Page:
Another bite and another wave of contentment. The taste, what is it? Now a vision of something, a beach, yes, it’s the beach in summer, South Beach, and gulls, and now a bike, its your bike, there up against the dune, the tire spinning madly. The whole of the summer of 1976 springs to life.
You are transported from your drab existence to your aunt's home on Martha’s Vineyard. Another bite and now you are running through burning sand but your feet are cooled by a wave. You are on your day off from waitressing. You are 19 year of age. Petty grievances have all but vanished. There is no sadness; there are no regrets just the pure sunlight of summer and possibility of what is to come. How did it happen, this transport to another time? What does it signify? It seems to be the frittata you are eating for lunch. You take another bite. What is in this frittata? It is the crimson and ivory radicchio tardivo that you tucked inside it. There's no mistaking it. The flavor is of lobster. But where did it come from this radicchio tardivo? You put down the frittata and search your mind.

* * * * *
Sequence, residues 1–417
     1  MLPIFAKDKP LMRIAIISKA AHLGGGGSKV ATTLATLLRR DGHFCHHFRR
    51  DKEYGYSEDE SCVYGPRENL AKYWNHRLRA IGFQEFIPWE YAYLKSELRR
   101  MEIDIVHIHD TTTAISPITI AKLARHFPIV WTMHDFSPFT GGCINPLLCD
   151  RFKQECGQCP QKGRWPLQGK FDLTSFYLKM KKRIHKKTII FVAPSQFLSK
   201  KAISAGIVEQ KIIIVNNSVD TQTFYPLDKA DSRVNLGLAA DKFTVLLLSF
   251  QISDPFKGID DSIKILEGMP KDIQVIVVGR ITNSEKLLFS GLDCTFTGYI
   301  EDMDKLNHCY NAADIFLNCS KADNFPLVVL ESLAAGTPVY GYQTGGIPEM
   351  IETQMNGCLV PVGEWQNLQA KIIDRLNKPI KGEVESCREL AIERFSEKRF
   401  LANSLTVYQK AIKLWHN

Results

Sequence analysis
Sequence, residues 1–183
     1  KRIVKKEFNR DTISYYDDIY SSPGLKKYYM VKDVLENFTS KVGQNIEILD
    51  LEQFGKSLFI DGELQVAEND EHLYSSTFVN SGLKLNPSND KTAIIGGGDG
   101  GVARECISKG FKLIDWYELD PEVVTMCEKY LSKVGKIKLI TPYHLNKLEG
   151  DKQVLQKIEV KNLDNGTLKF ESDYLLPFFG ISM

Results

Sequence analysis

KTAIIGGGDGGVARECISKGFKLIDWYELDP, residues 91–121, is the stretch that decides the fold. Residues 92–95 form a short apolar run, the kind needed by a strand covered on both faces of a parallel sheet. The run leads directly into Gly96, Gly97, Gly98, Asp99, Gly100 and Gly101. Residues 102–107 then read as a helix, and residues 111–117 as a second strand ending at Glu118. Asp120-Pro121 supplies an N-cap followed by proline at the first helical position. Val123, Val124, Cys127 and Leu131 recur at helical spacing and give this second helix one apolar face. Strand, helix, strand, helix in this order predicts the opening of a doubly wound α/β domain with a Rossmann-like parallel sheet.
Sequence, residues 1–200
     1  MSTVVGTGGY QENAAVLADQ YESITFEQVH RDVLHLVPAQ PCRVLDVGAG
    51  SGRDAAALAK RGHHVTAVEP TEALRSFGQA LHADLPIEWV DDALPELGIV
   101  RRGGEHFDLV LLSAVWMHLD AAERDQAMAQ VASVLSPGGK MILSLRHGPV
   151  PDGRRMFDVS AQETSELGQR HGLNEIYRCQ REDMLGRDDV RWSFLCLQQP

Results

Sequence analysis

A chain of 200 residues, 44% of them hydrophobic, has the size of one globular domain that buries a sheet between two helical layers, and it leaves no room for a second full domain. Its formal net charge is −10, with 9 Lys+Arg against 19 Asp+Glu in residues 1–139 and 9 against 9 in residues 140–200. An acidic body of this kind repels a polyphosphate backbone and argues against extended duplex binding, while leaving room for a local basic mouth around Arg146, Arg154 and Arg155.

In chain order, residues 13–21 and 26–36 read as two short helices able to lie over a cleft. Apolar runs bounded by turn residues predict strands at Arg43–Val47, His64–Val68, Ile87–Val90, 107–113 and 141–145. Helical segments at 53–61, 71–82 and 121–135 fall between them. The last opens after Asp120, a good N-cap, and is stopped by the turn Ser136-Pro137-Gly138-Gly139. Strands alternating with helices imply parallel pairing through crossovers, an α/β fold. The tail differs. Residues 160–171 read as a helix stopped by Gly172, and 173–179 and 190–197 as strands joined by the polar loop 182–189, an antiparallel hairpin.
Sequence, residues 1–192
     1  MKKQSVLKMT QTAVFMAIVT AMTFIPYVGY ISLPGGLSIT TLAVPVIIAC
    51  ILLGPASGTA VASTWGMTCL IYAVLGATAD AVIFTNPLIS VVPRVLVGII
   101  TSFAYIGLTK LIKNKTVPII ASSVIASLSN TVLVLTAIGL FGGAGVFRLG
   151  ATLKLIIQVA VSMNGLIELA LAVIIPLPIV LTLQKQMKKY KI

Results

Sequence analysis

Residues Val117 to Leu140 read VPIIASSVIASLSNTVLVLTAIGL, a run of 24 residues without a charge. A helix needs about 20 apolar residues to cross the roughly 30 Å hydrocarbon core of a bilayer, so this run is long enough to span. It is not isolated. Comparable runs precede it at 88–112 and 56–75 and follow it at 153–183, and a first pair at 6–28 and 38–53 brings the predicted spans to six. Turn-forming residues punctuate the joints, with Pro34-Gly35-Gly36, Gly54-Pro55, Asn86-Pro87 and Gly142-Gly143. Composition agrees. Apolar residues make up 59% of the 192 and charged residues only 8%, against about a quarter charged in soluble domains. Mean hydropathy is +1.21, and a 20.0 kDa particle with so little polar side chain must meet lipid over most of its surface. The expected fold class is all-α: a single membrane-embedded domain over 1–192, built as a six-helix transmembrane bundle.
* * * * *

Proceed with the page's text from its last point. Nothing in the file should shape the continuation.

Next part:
You’re there at the farm just before Thanksgiving shopping for local vegetables. You see baskets of leeks, beets, romanesco, bunches of herbs tied up and brussels sprouts on their stalks. In the corner, next to a cooler, is something that beckons to you. It is what you are there for, this basket hiding in the shadows. Three, not one but three bunches of the famous radicchio tardivo are there resting comfortably, like so many heads of state.
The vertiginous crimson and ivory vegetable, too beautiful to be food, is grown with love and erudition by a farmer from Sunderland. Tim Wilcox went to Hampshire and did his Div 3 on radicchio tardivo in the town of its origin. You thank the farmer, his wife and their farm. You thank Pioneer Valley where a person can major in radicchio in college and plant the stuff here in our loamy American soil.